Depression and anxiety in the pandemic : a longitudinal analysis of older New Zealanders : a thesis presented in fulfilment of the requirements for the degree of Master of Arts (by thesis) in Psychology at Massey University, Albany, New Zealand

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There has been widespread concern about the mental health impact of the global COVID-19 outbreak. However, the effect of the pandemic on the psychological wellbeing of older New Zealanders is largely unknown. This longitudinal study aimed to estimate the effect of the crisis on depression and anxiety scores of people aged 55 and older in Aotearoa. The sample included 3,171 people who responded to wave 7 (August-November 2018) and wave 8 (June-September 2020) of the Health, Work and Retirement Study. Analyses were carried out using paired t tests, multilevel mediation modelling, two-way mixed analysis of variance and multiple linear regression. Results showed depression scores increased slightly and anxiety scores decreased slightly over time, but neither change was statistically significant. Additional analyses considered the relationship between negative health behaviours and demographic subgroups and mental health change. Physical activity was shown to decrease significantly, albeit to a small degree, and there was evidence of an indirect effect of the pandemic on depression via physical activity. Alcohol use decreased significantly, albeit slightly. Depression scores significantly increased among people with the highest socioeconomic status (SES) and decreased for the lowest SES individuals. Anxiety and depression scores for people reporting a pre-existing mental health condition significantly decreased while depression scores increased for those without a prior condition. Changes in depression and anxiety scores did not differ significantly across gender or ethnicity. These findings suggest a general resilience among older New Zealanders 3 to 6 months into the pandemic. The ongoing collection of robust longitudinal data on mental health is necessary to monitor psychological change and ensure older people are adequately supported in this continuing crisis.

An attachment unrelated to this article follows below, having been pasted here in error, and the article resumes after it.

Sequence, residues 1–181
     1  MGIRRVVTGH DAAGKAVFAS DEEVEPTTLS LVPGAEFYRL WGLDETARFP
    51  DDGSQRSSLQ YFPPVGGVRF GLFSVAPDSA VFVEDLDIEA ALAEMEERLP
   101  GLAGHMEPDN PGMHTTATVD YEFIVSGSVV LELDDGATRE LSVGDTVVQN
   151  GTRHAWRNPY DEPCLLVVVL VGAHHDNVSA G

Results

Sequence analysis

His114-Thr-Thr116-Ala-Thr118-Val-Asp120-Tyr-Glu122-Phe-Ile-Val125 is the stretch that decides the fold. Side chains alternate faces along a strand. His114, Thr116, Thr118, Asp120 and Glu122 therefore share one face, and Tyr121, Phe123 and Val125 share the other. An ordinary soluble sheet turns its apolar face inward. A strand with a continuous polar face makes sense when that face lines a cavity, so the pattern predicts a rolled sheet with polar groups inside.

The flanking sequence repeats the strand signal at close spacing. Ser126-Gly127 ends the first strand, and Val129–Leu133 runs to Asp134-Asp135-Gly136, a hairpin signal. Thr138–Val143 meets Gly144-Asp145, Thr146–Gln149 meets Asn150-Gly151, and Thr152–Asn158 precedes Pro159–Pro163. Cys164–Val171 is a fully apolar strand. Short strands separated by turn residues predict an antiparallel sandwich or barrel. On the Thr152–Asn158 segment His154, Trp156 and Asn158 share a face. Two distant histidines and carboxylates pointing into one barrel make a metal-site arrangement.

COVID-19, mental health, depression, anxiety, older people